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Consumer optimism down in May

Hydrocarbon Engineering,

Rising gas prices during the annual spring transition to summer blend fuels has driven down US consumer optimism in regards to the economy.

According to the latest monthly National Association of Convenience Stores (NACS) Consumer Fuels Survey, 41% of consumers say that they are optimistic about the economy, 44% less than a month ago. Lingering bad weather across much of the country and a 14 cent/gal. increase in gas prices are among the factors that are likely to be driving down consumer confidence.

86% of consumers say that gas prices affect their feelings about the economy, and nearly 79% have noticed that gas prices have increased over the past 30 days. This is the highest percentage since March 2013. 66% of consumers say that prices will increase over the next 30 days, the highest percentage that has said so since NACS initiated monthly consumer surveys in January 2013.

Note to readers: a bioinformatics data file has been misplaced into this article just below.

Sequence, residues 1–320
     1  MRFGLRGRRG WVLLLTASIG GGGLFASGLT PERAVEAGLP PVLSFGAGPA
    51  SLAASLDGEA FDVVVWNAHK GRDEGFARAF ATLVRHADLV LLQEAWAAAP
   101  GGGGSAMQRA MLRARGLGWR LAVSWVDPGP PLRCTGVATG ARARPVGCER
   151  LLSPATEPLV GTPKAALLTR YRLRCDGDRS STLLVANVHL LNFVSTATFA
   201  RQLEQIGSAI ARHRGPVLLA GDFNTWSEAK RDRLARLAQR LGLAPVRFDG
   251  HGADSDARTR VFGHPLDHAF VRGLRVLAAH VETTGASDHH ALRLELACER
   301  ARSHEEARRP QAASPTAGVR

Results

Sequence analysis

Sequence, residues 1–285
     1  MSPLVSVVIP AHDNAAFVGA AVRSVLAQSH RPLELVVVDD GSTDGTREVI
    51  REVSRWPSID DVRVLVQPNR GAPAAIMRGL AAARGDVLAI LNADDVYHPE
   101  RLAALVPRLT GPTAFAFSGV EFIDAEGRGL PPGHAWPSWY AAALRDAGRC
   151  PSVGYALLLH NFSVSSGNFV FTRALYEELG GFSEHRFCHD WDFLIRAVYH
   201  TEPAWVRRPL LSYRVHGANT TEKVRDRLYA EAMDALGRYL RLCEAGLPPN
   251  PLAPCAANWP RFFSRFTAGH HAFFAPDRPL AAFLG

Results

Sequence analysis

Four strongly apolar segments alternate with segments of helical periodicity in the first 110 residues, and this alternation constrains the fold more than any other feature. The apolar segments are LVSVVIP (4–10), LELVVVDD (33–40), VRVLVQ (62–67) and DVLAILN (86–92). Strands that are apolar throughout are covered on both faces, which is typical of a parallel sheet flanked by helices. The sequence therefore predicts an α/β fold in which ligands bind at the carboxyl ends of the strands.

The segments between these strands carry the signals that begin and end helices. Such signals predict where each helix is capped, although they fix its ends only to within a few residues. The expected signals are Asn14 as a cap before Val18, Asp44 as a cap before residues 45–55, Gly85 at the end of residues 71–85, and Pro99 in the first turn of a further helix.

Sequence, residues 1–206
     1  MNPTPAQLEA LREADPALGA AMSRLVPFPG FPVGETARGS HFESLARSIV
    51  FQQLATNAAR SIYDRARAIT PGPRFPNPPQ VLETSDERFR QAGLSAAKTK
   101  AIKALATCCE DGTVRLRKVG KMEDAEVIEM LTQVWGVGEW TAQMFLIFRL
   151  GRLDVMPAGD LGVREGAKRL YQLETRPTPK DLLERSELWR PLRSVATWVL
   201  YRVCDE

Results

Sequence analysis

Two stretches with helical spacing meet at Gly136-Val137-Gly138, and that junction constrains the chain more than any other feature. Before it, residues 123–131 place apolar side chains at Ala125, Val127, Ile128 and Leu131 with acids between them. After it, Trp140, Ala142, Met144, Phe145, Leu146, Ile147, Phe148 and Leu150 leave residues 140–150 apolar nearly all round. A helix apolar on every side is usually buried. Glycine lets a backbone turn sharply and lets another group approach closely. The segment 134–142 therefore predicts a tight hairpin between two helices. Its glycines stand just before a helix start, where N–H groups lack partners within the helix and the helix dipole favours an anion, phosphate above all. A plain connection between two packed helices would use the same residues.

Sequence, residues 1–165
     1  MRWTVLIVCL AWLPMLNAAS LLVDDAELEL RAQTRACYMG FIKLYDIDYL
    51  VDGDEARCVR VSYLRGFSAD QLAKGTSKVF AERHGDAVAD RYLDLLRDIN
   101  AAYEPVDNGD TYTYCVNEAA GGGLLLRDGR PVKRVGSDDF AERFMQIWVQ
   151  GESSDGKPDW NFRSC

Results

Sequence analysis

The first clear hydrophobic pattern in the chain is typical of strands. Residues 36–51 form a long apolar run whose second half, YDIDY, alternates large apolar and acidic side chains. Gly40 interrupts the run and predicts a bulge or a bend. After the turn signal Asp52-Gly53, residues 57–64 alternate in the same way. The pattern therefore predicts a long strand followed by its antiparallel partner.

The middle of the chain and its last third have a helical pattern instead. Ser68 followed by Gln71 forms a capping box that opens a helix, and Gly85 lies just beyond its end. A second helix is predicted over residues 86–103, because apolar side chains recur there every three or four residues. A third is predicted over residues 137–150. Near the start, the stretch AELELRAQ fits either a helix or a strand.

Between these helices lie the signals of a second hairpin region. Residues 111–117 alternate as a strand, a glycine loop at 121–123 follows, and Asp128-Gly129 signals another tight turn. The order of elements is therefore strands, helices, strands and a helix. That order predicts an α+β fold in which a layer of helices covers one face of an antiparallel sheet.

Consumers feel that their purchasing power at the pump is decreasing. Self reported miles per dollar were down in May, dropping 5.7% to 6.32 miles/US$, or 15 cents/mile on average.

The survey additionally revealed that strong demographic variations exist in how consumers feel about the economy. 51% of younger consumer (aged 18 – 34) are positive about the economy, however only 34% of those over 50 are optimistic in regards to the economy.

However, NACS holds that there are some positive signs. Gas prices have been decreasing over the past 10 days and warm weather is finally spreading across much of the country.

Adapted from a press release by Emma McAleavey.

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